United States: Preparing For Your Commercial Real Estate Closing

Last Updated: June 4 2018
Article by Ruari J. O'Sullivan

For commercial transactions, gone are the days of the sit-down closing. The proliferation of instant communication technologies and document transfer systems are primarily to blame. As a result, commercial closings take place, almost exclusively, electronically. While there are many benefits to these remote closings, such closings have their own issues that typically can arise as a result of the speed with which numerous and conflicting messages can be distributed and the fact that these closings often rely on tangentially-involved third parties. Here are some general tips to help buyers and sellers (of real property, business assets, or business ownership interests) prepare for electronic closings:

  1. Be cognizant of which date is selected for closing: Typically, in a purchase and sale agreement, a closing date will be set out a certain number of days in the future that will allow sufficient time for a purchaser to perform requisite due diligence: 30 days, 45 days, 60 days, 90 days, etc. Often, the business day falling closest to the stated time-period is selected as the date for closing. Sometimes this date is set before attorneys are involved at the letter of intent stage. We recommend that purchasers and sellers, and their attorneys, take a closer look at the date set for closing, and follow these guidelines:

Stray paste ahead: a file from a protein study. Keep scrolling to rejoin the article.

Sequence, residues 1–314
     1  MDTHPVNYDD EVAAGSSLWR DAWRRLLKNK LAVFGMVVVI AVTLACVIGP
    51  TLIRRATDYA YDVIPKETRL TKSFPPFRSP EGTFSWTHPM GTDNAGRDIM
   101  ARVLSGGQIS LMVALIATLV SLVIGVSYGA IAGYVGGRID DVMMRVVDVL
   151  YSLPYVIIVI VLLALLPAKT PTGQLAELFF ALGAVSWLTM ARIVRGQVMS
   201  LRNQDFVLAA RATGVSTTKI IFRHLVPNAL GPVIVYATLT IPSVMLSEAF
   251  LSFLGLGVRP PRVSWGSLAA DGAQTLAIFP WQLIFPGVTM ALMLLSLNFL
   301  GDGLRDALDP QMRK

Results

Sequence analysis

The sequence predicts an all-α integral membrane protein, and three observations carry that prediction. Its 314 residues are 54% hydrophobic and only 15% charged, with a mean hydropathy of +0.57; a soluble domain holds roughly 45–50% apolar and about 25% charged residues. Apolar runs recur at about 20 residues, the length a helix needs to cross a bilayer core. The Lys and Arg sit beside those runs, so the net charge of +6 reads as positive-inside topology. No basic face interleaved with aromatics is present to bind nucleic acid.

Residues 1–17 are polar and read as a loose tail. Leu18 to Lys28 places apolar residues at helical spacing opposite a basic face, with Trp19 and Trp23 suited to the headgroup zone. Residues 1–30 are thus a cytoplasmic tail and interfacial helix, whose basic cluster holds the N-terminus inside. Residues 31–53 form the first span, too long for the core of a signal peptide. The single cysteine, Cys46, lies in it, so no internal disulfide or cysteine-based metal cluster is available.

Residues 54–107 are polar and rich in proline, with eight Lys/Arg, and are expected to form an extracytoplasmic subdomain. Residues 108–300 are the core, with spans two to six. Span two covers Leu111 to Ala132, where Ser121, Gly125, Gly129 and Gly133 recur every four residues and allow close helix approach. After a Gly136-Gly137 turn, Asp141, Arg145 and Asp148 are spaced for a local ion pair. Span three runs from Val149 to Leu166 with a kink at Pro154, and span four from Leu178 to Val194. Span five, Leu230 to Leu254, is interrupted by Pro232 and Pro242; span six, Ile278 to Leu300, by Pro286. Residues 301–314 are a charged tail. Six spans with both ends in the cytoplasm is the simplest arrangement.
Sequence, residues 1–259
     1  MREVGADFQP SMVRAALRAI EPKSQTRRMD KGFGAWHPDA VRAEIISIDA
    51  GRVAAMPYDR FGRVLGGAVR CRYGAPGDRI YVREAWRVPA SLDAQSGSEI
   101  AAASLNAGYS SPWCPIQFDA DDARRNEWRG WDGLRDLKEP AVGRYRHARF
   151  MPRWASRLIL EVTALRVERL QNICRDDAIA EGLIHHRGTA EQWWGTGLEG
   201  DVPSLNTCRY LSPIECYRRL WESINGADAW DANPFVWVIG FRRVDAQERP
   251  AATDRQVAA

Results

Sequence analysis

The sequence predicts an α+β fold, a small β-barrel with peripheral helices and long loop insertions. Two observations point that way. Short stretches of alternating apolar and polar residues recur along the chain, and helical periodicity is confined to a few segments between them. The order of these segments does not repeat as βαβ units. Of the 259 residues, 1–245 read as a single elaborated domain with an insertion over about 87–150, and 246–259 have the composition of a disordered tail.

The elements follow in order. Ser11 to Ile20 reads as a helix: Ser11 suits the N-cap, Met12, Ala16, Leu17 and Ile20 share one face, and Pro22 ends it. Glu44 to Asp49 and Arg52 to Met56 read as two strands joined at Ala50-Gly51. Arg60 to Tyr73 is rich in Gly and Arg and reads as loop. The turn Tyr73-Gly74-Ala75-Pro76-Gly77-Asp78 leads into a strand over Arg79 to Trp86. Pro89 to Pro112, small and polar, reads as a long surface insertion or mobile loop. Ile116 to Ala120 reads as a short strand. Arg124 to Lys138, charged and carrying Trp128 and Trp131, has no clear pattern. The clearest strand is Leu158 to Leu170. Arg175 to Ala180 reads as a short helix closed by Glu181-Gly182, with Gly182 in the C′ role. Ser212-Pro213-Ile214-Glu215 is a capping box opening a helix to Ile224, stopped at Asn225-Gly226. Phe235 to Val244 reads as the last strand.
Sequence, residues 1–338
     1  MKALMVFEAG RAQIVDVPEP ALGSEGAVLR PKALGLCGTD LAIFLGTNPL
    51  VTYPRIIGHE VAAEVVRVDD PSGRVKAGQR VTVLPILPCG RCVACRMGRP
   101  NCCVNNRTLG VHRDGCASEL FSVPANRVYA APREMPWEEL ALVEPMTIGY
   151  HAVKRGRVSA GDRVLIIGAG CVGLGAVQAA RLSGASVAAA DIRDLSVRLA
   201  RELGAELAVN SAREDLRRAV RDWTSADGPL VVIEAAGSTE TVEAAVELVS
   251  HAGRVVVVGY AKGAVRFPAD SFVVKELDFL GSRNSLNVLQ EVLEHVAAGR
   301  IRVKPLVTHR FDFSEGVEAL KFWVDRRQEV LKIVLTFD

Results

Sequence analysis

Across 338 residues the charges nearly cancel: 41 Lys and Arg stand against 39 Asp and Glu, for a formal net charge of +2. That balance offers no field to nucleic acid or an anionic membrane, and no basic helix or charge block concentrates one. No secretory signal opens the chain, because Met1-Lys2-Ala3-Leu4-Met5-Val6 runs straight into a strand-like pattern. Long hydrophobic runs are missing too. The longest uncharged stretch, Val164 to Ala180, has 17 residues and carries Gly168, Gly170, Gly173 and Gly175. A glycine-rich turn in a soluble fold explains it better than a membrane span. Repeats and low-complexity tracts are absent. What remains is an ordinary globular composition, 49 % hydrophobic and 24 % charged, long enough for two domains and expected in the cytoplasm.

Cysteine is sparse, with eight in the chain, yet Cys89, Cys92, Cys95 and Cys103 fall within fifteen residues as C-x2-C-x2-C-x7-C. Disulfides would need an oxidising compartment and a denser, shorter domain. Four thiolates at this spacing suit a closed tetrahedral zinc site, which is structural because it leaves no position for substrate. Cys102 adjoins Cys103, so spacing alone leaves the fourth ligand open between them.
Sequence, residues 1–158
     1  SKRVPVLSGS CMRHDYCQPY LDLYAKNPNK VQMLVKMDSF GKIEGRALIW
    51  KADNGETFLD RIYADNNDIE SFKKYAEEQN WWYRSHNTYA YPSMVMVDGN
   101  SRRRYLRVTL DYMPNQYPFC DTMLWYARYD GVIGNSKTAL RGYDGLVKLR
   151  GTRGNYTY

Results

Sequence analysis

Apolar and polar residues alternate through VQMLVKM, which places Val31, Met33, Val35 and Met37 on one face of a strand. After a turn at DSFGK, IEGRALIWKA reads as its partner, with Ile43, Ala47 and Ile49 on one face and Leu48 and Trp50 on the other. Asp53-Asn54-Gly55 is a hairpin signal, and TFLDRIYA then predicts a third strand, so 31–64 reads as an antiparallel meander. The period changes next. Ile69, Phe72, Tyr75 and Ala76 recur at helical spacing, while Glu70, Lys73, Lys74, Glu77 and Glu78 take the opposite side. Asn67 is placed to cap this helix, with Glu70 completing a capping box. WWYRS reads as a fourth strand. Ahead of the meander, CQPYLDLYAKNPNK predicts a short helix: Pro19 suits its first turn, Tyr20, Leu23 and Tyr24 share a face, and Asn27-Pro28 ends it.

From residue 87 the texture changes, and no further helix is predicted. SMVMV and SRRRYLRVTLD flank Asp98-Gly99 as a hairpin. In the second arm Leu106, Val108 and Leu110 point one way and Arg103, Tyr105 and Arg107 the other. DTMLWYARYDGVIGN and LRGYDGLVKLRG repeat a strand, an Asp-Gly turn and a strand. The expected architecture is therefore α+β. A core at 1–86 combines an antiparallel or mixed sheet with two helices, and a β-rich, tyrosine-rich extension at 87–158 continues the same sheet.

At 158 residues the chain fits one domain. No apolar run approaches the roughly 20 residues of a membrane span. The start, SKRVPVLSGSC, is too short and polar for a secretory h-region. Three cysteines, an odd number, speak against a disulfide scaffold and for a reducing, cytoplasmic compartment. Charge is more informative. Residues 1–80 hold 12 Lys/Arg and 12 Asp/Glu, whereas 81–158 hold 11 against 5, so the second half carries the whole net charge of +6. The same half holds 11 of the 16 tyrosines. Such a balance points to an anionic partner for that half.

1. Unless other important considerations exist, be wary of setting a closing date on a Friday. Let's face it – workplaces around the country on Fridays are not paragons of industrious and efficient activity and are often not fully staffed because of extended weekend plans. While the parties directly involved in the closing (attorneys, closing agents, the buyer, and seller) may be giving their full attention to the closing on the closing date, electronic closings often rely on the actions of third parties. For example, bank wires, which require multiple human approvals, are notoriously slow on Friday afternoons. Similarly, last minute changes requiring the input of a third party (i.e., expanding insurance coverage) can be more difficult to confirm on a Friday. If the purchase involves an operating business, a closing scheduled for Friday that fails to close can leave a lengthy limbo period over the weekend, especially where a buyer and seller had already put in place third-party transition teams and had begun the process of notifying vendors or suppliers of upcoming terminations or orders.
    2. Be wary of Mondays, also. A few of the considerations that apply to Friday closings also apply to Monday closings. Unless the deal is large enough that it will warrant unfailing attention by all parties involved throughout the weekend, gaps in deliverables that existed Friday afternoon will likely exist Monday morning. Closing may have felt far enough away on the Friday before closing, but on Monday buyers and sellers and other third parties often realize that they had not made adequate arrangements to timely close without a mad scramble.
    3. Set Closing in Advance of Actual Deadlines. When an actual deadline (like a tax exchange deadline) exists, communicate the deadline to your attorneys and, perhaps, under the advice of your attorney, the other parties to the transaction so that everyone can be on the same page. Unless other considerations exist, make sure the date for closing is set at least a few days, more if possible, before the deadline to ensure that the closing will occur in time.